The Zioness Movement held a teach-in at University Synagogue on the evening Jan. 13, where a panel discussed the difficulty of being progressive Zionists.
The event started with a speech from Assemblyman Jesse Gabriel (D-Van Nuys), expressing optimism about the Jewish caucus in the California state legislature.
“For as much as conversation as there is about Jews not being welcome in progressive spaces and as much as we’ve all recoiled from what we’ve read about the Women’s March, there’s so much good stuff happening in Sacramento,” Gabriel said, pointing to the Jewish caucus’ work on various progressive causes like immigrant rights and criminal justice reform.
“We are doing this in a way where we are being present and proud of our Jewish values, proud of our support for Israel, proud of who we are and our history as a people, and I think that at this moment in time when folks are trying to push Jews out of progressive spaces, and that is an intentional thing, that our response is not to leave those spaces, but really to double down,” Gabriel said, “and to double down on the work that we’re trying to do, which we know is so consistent with our Jewish values and to be really proud of who we are.”
Arya Marvazy, managing director of JQ (Jewish Queers) International then discussed how he, as a gay Persian Zionist, has dealt with the “anti-Zionist and anti-Israel space” in the LGBTQ community.
“One of the things that they purport is that Israel, as a nation, is using this concept called ‘pinkwashing’ to make the masses feel like Israel is this beacon of light and hope for LGBTQ people… and ignore any hardship the Palestinians might face or ignore the Israel-Palestinian conflict in its entirety,” Marvazy said. “I could talk for a long time how false I believe that narrative to be, and I am surprised that even still today, how present that belief exists in queer communities that I’m a part of.”
Marvazy then recalled when he was at a gay Latino punk club in Downtown Los Angeles and a guy he was talking to outside told him, “Everyone is welcome here, everyone but Trump supporters and Zionists.”
“I just was taken aback,” Marvazy said, adding that he works “on that conversation daily.”
Rabbi Denise Eger of Congregation Kol Ami, a Zioness board member, later said that “at the Women’s Marches there’s been an increasing anti-Semitic rhetoric that we’ve seen that often comes in the guise of anti-Zionism.”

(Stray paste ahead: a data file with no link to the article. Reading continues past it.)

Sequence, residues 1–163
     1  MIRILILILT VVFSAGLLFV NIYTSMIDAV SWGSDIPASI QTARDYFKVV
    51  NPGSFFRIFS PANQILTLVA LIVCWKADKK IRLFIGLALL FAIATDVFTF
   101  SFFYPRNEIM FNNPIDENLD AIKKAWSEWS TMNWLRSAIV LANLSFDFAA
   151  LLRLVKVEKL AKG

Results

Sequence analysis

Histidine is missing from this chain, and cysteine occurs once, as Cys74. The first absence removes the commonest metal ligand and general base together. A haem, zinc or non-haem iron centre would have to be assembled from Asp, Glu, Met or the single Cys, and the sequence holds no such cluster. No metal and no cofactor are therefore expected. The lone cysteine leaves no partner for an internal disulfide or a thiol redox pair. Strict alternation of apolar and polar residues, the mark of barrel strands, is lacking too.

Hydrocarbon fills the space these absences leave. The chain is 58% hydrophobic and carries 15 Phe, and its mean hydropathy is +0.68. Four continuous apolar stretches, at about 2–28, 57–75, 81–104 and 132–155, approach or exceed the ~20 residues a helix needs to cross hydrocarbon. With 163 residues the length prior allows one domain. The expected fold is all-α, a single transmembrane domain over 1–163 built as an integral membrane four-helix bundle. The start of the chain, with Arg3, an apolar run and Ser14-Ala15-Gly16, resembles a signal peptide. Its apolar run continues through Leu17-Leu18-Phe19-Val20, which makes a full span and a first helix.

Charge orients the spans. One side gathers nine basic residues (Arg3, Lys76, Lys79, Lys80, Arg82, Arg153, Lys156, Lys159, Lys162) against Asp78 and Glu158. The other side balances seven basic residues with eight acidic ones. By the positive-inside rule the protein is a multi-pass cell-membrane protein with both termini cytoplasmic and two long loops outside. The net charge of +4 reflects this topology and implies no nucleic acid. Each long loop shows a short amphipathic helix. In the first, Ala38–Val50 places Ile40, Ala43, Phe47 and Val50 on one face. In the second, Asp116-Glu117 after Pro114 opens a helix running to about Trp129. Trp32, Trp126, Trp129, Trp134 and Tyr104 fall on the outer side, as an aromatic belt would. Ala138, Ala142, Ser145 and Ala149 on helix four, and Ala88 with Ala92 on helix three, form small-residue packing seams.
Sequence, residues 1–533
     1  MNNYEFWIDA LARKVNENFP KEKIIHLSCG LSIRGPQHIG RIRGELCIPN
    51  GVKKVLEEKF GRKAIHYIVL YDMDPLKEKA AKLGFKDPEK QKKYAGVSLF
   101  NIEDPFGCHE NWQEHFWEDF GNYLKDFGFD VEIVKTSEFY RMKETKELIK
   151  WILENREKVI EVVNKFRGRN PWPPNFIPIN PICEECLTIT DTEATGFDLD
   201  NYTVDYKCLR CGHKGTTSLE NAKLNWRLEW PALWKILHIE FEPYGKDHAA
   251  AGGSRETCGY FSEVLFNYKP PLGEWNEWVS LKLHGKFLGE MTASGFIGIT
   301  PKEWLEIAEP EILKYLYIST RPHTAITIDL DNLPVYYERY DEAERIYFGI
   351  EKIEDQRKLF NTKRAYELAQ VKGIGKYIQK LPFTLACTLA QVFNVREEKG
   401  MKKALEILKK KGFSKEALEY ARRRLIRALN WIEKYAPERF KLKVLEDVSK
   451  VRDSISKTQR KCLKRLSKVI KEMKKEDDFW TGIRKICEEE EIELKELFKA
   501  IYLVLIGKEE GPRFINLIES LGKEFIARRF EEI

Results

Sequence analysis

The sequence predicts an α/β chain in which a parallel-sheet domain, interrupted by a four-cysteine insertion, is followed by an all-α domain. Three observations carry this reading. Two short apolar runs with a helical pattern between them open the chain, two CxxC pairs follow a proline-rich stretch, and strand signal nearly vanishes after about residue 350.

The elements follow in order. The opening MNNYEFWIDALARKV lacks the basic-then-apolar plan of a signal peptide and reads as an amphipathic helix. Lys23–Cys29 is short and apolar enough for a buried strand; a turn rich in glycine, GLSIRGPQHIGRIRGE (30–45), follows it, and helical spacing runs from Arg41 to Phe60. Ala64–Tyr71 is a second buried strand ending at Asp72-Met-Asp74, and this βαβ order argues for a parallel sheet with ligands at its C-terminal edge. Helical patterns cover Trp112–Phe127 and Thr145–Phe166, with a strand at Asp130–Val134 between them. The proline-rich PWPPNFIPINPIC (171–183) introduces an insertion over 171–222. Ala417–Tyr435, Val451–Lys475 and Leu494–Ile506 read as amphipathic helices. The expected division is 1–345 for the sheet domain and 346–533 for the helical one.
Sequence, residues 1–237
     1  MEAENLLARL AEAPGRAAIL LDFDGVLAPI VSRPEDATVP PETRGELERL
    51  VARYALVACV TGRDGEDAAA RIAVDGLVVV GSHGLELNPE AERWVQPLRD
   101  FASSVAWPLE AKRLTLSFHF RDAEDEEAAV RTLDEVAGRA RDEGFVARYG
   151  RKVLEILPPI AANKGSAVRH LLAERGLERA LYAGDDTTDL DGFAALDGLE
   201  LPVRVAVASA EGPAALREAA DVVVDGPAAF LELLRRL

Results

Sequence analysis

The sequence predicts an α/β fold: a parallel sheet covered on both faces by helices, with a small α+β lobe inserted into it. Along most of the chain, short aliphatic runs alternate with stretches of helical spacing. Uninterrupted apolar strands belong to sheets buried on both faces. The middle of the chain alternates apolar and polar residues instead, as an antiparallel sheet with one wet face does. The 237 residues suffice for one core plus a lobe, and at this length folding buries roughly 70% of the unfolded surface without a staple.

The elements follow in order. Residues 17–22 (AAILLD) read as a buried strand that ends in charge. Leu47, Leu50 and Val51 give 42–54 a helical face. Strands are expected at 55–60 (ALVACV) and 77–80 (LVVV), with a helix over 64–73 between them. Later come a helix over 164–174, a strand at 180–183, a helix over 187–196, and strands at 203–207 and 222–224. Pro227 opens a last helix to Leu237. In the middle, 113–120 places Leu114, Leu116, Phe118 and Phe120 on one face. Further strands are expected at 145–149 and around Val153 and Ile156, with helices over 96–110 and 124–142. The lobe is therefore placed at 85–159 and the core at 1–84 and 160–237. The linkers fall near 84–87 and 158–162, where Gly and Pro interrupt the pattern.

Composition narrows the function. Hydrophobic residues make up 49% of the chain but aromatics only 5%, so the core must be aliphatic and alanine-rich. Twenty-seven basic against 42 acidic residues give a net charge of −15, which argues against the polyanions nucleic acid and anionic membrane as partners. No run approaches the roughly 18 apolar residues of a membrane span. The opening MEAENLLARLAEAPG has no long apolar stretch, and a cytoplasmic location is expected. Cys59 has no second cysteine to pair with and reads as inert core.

“If you want to protest the policies of the state of Israel, that’s one thing,” Eger said. “But Zionism, when you say that you’re an anti-Zionist, you are bordering on anti-Semitism because Zionism is the national political expression of the ancient longing of the Jewish soul to return to the land of our people, a longing that we have had for thousands of years.”
Eger called on progressive Zionists to “claim our space” at the Women’s March.
“But we also have to stand there proudly as Jews,” Eger said.
Emiliana Guereca, the founder of Women’s March Los Angeles, distanced the local march from the national Women’s March leaders.
“As a Jewish woman, I have seen the rhetoric of Women’s March D.C… and I apologize to everyone and my children,” Guereca said.
She added that her children ask her why she continues to organize despite the rhetoric of the national Women’s March leaders, and what she tells them is she chooses to “confront” it because the “tough conversations need to continue.”
Joanna Mendelson, the Anti-Defamation League’s (ADL) senior investigative researcher at the Center for Extremism, told the audience that 2016-17 saw “the largest single year increase” in anti-Semitism since the ADL started collecting such data and pointed to the Charlottesville riots as a big reason for that.
“The obsession with Jews is part and parcel of white supremacist ideology,” Mendelson said, adding that white supremacists fear “being consumed by a rising tide of color… manipulated by the Jews.”
Mendelson pointed to the social media posts from Tree of Life synagogue shooter Robert Bowers that frequently used the words “Jews,” “k—“ and “immigrants” as an example of this.
She then highlighted Louis Farrakhan’s “most vitriolic and hateful anti-Semitic rhetoric” and lamented his “sizable influence.”
“It is so important that we partner, that we reach out, and that we collaborate on these various issues,” Mendelson said.
Later in the program, Zioness founder Amanda Berman, who moderated the panel, explained that the point of the Zioness Movement is to provide a political home for progressive Zionists who have had their “seats at the table” in the progressive movement “taken away from us.” If progressive Zionists can’t reclaim their seats, then “we will build a new table,” Berman said.
“Even when it’s hard, we have to show up,” Berman said.
Other panelists included Valley Beth Shalom Rabbi Noah Farkas, Jewish Center for Justice founder Rabbi Joel Simonds and McCarty Memorial Church Rev. Eddie Anderson.
The full event can be seen below: